Festivities #1 : Raksha Bandhan in times of Coronavirus

Raksha bandhan or Rakhi is on the 3rd of august this year. It’s a festival that celebrates the brother-sister love. The sister ties Rakhi on her brother’s wrist to protect him against evil influences, pray for his long life and happiness and in turn the brother promises to protect his sister from any harm.

So how do I celebrate the festival? Well there’s a funny story to it. Since it’s just me and my sister, we tie Rakhis to our papa and dadu sent from their sisters. And because we were kids when we were learning about festivals and why they are celebrated, so that we didn’t feel left out, (and also we were sad about not getting any gifts, well atleast I was) our mother gave the brilliant idea of tying one on Papa’s wrist from our side too since it’s a festival which celebrates the promise of love and protection.

But after completing my school, I moved to Chandigarh for college, the city where my maternal side lives. And I fall short of words to say how properly I have celebrated this festival in the past few years. All the relatives get together at one place, there is so much warmth, vibrance, mithai and delicious food.

However, since the world is fighting a pandemic, this time it would not be celebrated in the same manner as it always has been. The sisters would not be able to travel to their brother’s home or vice versa to celebrate the festival because of coronavirus induced travel restrictions.

But hey, there is always a way out. You can opt for sending your Rakhi by post and celebrating the festival through video calls. But there would be long queues at the post office and to avoid crowded areas (which is a must in this situation) you can send your Rakhis through e-commerce platforms. There are so many sites on the internet which are offering abundance of beautiful combos and at reasonable prices.

I recently sent my Rakhi through the site Floweraura to my cousin. (And I just wish this was a paid promotion of the site, but no it’s not.) Even the site ferns and petals is giving good Rakhi offers. Initially I used to get most of the flowers and cakes delivered (whenever they had to be delivered distantly) from ferns and petals but then I found floweraura which has an even better range of products to offer, the prices are also reasonable and the quality is good. (Will put the link of the Rakhi combos from Floweraura in the end. You can explore the site and select any combo or gift of your choice. Thank me later.)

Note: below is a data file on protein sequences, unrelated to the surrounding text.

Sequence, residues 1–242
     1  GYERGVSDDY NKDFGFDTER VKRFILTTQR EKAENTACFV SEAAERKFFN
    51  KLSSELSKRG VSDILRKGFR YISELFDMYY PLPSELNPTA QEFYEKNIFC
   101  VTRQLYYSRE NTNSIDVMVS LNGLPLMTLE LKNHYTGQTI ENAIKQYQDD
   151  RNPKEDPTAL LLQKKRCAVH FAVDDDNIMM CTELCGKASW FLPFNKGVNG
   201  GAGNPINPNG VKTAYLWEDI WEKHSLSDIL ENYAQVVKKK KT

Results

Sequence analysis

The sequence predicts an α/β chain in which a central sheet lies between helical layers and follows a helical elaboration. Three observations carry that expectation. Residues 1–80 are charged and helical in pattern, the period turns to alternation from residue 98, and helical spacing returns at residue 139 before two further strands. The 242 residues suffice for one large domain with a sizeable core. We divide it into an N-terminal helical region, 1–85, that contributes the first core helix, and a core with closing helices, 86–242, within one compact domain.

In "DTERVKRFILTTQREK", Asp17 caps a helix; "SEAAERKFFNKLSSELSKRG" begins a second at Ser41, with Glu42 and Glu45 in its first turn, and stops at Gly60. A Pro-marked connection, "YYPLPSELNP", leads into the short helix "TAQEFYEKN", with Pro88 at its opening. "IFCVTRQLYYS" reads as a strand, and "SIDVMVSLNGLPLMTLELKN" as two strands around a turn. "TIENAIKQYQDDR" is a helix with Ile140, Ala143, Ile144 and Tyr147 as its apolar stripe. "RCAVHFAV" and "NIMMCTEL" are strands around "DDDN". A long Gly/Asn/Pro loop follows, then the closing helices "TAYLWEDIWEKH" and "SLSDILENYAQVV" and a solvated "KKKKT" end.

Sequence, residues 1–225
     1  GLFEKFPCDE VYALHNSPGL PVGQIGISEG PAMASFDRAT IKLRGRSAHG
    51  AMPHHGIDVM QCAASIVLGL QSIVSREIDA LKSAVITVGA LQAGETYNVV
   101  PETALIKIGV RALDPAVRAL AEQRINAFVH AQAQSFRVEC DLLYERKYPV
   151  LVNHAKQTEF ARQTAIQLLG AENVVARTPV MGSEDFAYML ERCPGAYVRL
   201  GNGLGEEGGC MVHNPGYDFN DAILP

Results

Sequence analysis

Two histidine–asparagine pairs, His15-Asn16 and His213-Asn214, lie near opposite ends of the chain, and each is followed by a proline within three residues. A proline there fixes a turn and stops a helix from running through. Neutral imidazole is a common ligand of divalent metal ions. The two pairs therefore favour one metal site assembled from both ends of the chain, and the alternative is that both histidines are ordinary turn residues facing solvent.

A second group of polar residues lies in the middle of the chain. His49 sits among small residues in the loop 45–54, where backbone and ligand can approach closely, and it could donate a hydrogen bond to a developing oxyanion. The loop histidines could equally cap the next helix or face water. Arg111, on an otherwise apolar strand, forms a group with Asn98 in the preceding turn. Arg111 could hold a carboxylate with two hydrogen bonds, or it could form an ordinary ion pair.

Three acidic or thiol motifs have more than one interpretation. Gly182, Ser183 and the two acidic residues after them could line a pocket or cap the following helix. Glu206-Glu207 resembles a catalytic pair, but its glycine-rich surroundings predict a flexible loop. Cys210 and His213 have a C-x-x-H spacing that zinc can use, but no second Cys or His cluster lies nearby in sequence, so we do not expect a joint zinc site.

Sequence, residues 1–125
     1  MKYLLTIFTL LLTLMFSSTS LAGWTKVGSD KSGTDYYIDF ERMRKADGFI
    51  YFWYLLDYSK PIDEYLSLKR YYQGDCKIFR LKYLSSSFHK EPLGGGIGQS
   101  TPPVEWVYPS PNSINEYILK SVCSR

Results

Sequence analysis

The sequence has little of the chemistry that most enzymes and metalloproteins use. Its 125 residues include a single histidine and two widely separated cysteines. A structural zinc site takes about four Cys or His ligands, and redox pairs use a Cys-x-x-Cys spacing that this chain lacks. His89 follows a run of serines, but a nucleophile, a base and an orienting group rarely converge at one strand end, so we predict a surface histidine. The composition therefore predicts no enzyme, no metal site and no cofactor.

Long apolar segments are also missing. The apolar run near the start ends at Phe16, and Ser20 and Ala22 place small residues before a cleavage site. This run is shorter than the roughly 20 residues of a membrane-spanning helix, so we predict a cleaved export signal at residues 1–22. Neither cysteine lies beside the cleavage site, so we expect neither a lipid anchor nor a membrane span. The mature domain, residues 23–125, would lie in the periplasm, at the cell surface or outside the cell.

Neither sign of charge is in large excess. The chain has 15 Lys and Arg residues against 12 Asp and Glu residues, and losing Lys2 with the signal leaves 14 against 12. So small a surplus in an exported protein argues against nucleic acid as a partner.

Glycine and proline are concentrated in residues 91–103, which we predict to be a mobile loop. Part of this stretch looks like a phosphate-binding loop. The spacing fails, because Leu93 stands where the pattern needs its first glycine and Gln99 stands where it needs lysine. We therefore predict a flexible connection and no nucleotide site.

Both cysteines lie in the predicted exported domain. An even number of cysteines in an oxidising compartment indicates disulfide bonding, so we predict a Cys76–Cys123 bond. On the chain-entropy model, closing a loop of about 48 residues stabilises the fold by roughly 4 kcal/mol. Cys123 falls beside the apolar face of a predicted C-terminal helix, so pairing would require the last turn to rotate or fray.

Also, I read it in the news that people are sending handmade rakhis. Can I crack the joke that brothers can gift their sisters masks and sanitizers because this is the most important protection the world requires right now?

Fun fact, a Gujarat based rakhi maker every year gives Rakhi packed with a theme message and this year he is conveying the important message regarding covid-19 to wear masks, keep distance and use sanitizers. Concludingly, I would urge my readers to purchase locally made Rakhis because we know how badly the arts and craftsmen have been hit due to the pandemic. (Local ko vocal karo)

Well I would like to end my blog sharing two mythological stories that I read on the internet to know why Rakhi is celebrated. (And trust me there is a galaxy of stories to read, believe whichever you feel is right). I know we celebrate the festivals with great pomp and show but these days lack the essence of knowing why they are celebrated.

The first one is the story of Krishna and Draupadi. Krishna cuts his hand by mistake and Draupadi tears off a corner of her Saree and tied his finger with it to stop the bleeding. In return, Krishna promised to help her out when required and that is why Krishna provided help to her during her unceremonious disrobing by making her saree neverending and protecting her when she needed it the most.

The second one is the story of Rani Karnavati and Emperor Humanyun. When Rani Karnavati’s kingdom was attacked by Bahadur Shah, she wrote to Humayun for help, sent him a Rakhi and sought protection. At that time, he was in the middle of another military campaign when he abandoned it and returned to help. Unfortunately he couldn’t make it on time and the queen had already set herself to fire but Humayun then restored the kingdom to Karnavati’s son and did not let it fall in the hands of Bahadur Shah.

Let me know in the comments section how you are planning to celebrate Rakhi this time and if you have heard any other mythological story related to it. Also, please like, susbscribe and share my content if you find it worth reading, it keeps me going.

Link to the Rakhi combos on Floweraura : https://www.floweraura.com/p/send-rakhi/amazing-rakhi-signature-box-9921897ra

4 thoughts on “Festivities #1 : Raksha Bandhan in times of Coronavirus

  1. Thanks for sharing the stories! They are actually interesting & informative too!

    Wishing all Happy Raksha Bhandan!
    Stay safe & enjoy!! šŸ˜

    Liked by 1 person

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